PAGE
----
All of Haji Olumide’s good gestures were just expressions of aniyan to daa (or good wishes) rather than for pecuniary gains because this new septuagenarian is reasonably endowed materially and visibly radiates as much contentment as perceptible. About five years ago, the wedding ceremony of one of the children which he personally financed was held in a “full service hotel” (to echo Fuji founder Ayinde Barrister) in the heart of Lagos . In addition to the monarch of Ede, Kabiyesi Muniru Adesola, Laminisa 1, the Timi of Ede, the guest list was a spectacle of who’s who of Nigeria, though the lowly were duly catered for in keeping with the spirit of Finni Castro. .

A distinguished broadcast journalist for decades with Nigeria’s largest radio network, Hajji Olumide’s professional trajectory has been characterized by uncommon and high profile engagements at different times: spanning the entire decade, 1990-2000, he has served as a public relations consultant for the defunct Nigeria Sugar Company, Bacita. In 1993, due to his scholarship and drive, he doubled as chairman of the Directorate of Information, Public Relations and Think Tank formed by Governor Adeleke of Osun State. Prior to all this, the energetic professional had been assigned to cover the Hajj in 1984. That was the same year as President Buhari’s chief of staff, Professor Ibrahim Gambari, whom I learned later from my long-time brother friend date, Afolabi Gambari, has arrived. being Sir Eyo’s soul mate, performed the hajj.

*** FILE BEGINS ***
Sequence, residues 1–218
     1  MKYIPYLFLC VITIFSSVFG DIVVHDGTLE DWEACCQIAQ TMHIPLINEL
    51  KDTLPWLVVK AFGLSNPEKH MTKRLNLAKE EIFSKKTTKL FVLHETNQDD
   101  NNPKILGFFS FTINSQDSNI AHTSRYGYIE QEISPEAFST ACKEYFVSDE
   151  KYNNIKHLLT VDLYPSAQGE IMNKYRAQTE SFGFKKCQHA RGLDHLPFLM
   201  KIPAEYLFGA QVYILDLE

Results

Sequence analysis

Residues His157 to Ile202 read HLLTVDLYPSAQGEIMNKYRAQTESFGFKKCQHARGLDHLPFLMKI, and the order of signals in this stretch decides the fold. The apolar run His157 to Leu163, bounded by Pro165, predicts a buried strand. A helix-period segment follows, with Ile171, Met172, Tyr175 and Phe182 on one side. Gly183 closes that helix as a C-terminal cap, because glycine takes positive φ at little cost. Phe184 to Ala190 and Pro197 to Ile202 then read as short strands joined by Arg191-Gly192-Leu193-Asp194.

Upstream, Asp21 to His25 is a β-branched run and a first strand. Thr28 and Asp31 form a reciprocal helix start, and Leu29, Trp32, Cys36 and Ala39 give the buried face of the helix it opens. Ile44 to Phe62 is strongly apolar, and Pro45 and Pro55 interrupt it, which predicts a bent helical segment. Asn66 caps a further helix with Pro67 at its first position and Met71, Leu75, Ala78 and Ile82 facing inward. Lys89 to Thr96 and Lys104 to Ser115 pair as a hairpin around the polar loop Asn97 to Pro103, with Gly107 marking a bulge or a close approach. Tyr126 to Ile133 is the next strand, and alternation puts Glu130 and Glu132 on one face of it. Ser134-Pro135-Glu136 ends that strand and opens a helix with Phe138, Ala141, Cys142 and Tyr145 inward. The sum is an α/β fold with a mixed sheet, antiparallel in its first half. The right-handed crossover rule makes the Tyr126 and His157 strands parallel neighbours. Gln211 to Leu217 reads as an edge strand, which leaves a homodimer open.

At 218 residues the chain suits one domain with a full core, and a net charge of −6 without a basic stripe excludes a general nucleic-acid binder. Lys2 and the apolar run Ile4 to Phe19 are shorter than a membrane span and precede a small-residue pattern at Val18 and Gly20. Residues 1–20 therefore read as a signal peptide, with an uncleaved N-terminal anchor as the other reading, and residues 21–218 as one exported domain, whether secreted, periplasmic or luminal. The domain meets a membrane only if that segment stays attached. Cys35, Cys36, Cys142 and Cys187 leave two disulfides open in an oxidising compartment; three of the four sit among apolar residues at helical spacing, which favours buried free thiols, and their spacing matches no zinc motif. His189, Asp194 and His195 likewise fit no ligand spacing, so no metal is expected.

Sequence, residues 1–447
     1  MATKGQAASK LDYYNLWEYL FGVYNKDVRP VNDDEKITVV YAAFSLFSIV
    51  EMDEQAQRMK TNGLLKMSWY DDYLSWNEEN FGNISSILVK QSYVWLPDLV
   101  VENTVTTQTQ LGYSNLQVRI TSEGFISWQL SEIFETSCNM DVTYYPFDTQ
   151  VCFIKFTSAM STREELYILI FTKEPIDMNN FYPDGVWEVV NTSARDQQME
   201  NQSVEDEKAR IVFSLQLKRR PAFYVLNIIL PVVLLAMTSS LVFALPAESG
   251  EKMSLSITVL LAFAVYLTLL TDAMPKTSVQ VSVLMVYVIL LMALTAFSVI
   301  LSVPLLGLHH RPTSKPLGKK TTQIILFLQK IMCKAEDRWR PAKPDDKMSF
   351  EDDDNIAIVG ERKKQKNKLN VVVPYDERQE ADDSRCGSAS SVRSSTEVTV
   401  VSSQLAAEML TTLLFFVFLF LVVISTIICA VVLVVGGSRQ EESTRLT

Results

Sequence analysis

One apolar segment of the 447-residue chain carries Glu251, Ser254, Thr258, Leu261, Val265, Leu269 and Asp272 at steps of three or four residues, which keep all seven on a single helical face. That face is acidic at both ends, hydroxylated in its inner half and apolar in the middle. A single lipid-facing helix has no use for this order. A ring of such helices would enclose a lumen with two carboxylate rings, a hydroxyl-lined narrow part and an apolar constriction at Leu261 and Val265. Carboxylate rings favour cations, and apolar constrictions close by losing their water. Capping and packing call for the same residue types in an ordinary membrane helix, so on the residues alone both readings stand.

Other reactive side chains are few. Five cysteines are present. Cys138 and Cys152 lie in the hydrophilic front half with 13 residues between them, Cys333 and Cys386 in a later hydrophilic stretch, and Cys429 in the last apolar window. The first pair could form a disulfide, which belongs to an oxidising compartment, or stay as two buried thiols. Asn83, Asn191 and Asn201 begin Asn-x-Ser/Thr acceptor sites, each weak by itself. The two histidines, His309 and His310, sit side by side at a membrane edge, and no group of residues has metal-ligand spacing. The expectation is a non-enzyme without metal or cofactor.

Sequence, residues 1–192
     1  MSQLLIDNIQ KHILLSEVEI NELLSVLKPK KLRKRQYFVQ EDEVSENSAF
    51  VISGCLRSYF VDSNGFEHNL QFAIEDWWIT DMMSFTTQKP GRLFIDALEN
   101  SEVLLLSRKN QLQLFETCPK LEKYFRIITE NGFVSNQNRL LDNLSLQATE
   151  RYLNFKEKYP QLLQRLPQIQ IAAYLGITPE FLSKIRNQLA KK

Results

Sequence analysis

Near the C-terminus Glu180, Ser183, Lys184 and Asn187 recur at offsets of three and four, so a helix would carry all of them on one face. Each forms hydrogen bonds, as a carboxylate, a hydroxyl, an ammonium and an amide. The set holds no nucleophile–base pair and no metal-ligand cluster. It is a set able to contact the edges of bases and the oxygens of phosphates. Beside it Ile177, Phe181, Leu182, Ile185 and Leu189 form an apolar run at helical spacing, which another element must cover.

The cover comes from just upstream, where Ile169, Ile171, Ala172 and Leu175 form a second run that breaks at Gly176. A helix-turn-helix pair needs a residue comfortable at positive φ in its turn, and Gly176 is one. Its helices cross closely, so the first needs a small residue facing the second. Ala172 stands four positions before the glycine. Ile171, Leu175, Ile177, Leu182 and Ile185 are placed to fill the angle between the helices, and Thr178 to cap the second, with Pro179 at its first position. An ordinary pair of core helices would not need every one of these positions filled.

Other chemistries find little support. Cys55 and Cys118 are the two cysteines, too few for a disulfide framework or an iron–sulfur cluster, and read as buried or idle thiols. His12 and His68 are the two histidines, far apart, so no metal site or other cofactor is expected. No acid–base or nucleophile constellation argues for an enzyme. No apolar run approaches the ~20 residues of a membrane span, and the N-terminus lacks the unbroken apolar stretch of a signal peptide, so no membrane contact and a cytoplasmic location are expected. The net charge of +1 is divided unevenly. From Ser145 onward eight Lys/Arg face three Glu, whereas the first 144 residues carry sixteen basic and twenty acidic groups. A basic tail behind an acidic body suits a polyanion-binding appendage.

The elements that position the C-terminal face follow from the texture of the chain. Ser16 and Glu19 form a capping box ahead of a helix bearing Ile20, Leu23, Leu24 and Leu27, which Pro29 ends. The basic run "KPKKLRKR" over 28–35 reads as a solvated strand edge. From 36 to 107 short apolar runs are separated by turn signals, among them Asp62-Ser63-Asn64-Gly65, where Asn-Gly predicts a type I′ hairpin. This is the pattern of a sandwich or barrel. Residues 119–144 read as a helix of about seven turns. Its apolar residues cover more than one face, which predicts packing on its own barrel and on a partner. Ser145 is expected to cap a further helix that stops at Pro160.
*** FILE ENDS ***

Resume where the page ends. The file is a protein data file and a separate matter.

As one of the outstanding and shining stars of Edeland, Alhaji Olumide Lawal, in a book edited by an Ede-born and world-renowned historian, Professor Siyan Oyeweso, is described as a: “…self- made man who walked through the crucible and the fire, and came out unscathed and unscathed, the fruit of hard work… of spartan discipline and an abundance of native intelligence”

Haji Lawal assiduously repaid his contribution by rendering journalistic and humanitarian services. It’s safe to say that the recipients of his good heart can consider this special 70th birthday anniversary to be reciprocated and even replicated.

Akanni, PhD, is Associate Professor of Journalism at Lagos State University, Nigeria.